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CHAPTER 7. AGRICULTURAL EXPERIENCE (continued)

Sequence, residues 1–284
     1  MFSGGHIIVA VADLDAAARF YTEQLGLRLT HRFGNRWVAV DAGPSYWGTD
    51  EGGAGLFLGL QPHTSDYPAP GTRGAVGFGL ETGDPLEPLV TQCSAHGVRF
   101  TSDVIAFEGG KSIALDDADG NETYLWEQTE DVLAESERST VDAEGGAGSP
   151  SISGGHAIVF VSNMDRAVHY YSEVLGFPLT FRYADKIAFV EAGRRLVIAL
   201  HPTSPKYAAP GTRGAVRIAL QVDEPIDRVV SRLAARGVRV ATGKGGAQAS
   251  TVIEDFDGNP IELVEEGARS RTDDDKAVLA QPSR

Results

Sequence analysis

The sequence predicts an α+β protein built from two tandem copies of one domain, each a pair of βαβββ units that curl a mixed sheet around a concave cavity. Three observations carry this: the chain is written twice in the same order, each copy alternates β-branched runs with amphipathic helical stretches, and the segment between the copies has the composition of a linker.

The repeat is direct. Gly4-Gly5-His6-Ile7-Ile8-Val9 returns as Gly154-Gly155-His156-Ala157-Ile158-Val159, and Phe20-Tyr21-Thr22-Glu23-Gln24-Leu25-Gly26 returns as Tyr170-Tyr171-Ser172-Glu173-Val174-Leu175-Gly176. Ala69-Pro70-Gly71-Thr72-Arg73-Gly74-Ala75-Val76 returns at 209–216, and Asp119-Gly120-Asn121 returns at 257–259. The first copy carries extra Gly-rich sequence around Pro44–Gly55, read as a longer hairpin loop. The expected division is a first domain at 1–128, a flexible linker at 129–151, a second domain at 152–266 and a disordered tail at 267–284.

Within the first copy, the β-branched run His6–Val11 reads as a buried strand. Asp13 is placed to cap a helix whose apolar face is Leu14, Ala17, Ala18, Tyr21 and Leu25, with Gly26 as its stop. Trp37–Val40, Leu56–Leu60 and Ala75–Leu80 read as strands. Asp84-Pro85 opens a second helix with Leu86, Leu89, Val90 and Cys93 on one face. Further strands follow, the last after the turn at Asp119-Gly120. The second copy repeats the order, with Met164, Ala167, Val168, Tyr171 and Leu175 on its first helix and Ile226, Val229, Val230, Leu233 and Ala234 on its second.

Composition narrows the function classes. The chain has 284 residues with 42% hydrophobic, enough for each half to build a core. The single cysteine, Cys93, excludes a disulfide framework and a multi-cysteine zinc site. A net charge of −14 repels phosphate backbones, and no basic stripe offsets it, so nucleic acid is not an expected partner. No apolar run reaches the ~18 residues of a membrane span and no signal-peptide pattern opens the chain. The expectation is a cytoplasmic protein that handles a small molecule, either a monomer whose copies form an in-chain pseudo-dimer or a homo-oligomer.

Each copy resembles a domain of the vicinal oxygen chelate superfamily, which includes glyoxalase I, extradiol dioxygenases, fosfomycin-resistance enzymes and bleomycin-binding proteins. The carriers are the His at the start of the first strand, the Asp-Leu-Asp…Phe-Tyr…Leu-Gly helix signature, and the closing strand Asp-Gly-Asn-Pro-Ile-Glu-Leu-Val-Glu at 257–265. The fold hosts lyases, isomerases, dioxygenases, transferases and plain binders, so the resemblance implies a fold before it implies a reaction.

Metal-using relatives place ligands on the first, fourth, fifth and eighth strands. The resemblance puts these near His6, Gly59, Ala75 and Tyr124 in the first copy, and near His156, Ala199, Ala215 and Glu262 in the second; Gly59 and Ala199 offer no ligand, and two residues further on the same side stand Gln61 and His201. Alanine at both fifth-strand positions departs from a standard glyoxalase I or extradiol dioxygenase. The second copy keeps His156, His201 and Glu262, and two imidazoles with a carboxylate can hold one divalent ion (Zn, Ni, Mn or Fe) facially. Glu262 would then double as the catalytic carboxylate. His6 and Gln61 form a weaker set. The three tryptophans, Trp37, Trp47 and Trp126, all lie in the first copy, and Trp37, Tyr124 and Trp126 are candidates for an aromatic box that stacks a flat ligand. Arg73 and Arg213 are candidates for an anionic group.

Having mastered this difficulty, and employed a world of time about it, I bestirred myself to see, if possible, how to supply two wants. I had no vessels to hold anything that was liquid, except two runlets, which were almost full of rum, and some glass bottles - some of the common size, and others which were case bottles, square, for the holding of water, spirits, &c. I had not so much as a pot to boil anything, except a great kettle, which I saved out of the ship, and which was too big for such as I desired it - viz. to make broth, and stew a bit of meat by itself. The second thing I fain would have had was a tobacco-pipe, but it was impossible to me to make one; however, I found a contrivance for that, too, at last. I employed myself in planting my second rows of stakes or piles, and in this wicker-working all the summer or dry season, when another business took me up more time than it could be imagined I could spare.
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